Homeland Security Faces Privacy, Tech Hurdles

By Dennis Fisher  |  Posted 2002-12-11 Print this article Print

Department's construction hampered by lack of interoperability among agencies' systems and task of deciding how to consolidate, handle and secure sensitive data.

NEW YORK—The federal governments effort to integrate 22 different organizations into the new Department of Homeland Security faces major technological, privacy and security hurdles, a Bush administration official said Wednesday. The construction of the new department is being slowed by a lack of interoperability among agencies systems and the complex task of deciding how the department will consolidate, handle and secure sensitive data, said Robert Shepherd, the Office of Homeland Securitys director of information integration, who gave the keynote speech at the Infosecurity show here. "We need to be very careful on how we define appropriate information and appropriate people," Shepherd said. "The privacy implications [of the integration] are enormous. We dont want to become a case study in business schools on how not to do this."
Private citizens and corporations are justified in wondering whether all of the sensitive data theyve shared with one agency will suddenly become available to other groups within Homeland Security, Shepherd said. But, officials have made the protection of such data a major priority during the integration effort.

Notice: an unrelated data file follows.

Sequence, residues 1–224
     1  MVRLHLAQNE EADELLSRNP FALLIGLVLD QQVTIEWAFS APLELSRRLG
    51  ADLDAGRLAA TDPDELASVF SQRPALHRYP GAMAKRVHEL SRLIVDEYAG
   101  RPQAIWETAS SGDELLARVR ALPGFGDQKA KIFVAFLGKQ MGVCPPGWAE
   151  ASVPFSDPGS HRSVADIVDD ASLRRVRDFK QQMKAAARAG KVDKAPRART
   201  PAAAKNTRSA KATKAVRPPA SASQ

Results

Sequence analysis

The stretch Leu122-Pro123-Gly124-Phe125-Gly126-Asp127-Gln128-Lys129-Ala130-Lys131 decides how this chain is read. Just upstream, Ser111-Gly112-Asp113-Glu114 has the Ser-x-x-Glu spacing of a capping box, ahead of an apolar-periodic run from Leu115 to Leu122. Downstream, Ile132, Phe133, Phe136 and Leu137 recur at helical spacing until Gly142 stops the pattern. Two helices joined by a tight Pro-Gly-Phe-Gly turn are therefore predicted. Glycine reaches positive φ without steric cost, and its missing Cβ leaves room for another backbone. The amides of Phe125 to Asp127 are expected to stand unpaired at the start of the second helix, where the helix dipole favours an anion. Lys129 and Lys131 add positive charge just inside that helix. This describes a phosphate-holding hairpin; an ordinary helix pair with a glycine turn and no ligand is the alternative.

"We want to balance the homeland security concerns with the privacy concerns," he said. Shepherd and his team are aiming to have the departments headquarters up and running by the end of February. But with nearly two dozen individual agencies bringing hundreds of separate databases to the organization, the integration effort is proving a daunting task. "Most of the major data sources were putting together cant talk to each other. Interoperability is a big issue," Shepherd said. "The databases arent mutually accessible. If theres a Customs officer checking someone or a police officer who needs to find out whether someone theyve stopped is on a watch list, they need that information immediately. Getting it a day or three days later makes it almost useless." Even after the department is operational, the process of integrating the various systems and databases will continue unabated. "This is going to be a process thats continuous and never ending," Shepherd said.

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